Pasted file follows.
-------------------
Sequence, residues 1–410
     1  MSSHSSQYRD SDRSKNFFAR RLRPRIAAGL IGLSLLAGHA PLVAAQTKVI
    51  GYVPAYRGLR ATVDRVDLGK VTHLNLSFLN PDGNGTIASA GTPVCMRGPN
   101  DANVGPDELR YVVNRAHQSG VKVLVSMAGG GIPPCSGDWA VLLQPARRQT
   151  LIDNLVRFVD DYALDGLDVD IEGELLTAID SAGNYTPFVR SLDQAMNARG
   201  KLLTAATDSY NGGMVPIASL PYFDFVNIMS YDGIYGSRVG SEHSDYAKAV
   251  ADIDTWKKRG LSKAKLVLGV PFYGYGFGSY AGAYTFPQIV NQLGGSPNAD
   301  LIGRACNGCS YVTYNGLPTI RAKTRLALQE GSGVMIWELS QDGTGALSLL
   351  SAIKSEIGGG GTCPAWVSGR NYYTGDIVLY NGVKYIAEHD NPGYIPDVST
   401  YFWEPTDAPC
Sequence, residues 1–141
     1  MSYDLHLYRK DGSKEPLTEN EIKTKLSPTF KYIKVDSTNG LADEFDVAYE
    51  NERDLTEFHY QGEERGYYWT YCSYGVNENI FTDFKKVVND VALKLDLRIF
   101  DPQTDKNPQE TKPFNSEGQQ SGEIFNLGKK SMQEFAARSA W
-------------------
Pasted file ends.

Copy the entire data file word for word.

Sequence, residues 1–410
     1  MSSHSSQYRD SDRSKNFFAR RLRPRIAAGL IGLSLLAGHA PLVAAQTKVI
    51  GYVPAYRGLR ATVDRVDLGK VTHLNLSFLN PDGNGTIASA GTPVCMRGPN
   101  DANVGPDELR YVVNRAHQSG VKVLVSMAGG GIPPCSGDWA VLLQPARRQT
   151  LIDNLVRFVD DYALDGLDVD IEGELLTAID SAGNYTPFVR SLDQAMNARG
   201  KLLTAATDSY NGGMVPIASL PYFDFVNIMS YDGIYGSRVG SEHSDYAKAV
   251  ADIDTWKKRG LSKAKLVLGV PFYGYGFGSY AGAYTFPQIV NQLGGSPNAD
   301  LIGRACNGCS YVTYNGLPTI RAKTRLALQE GSGVMIWELS QDGTGALSLL
   351  SAIKSEIGGG GTCPAWVSGR NYYTGDIVLY NGVKYIAEHD NPGYIPDVST
   401  YFWEPTDAPC
Sequence, residues 1–141
     1  MSYDLHLYRK DGSKEPLTEN EIKTKLSPTF KYIKVDSTNG LADEFDVAYE
    51  NERDLTEFHY QGEERGYYWT YCSYGVNENI FTDFKKVVND VALKLDLRIF
   101  DPQTDKNPQE TKPFNSEGQQ SGEIFNLGKK SMQEFAARSA W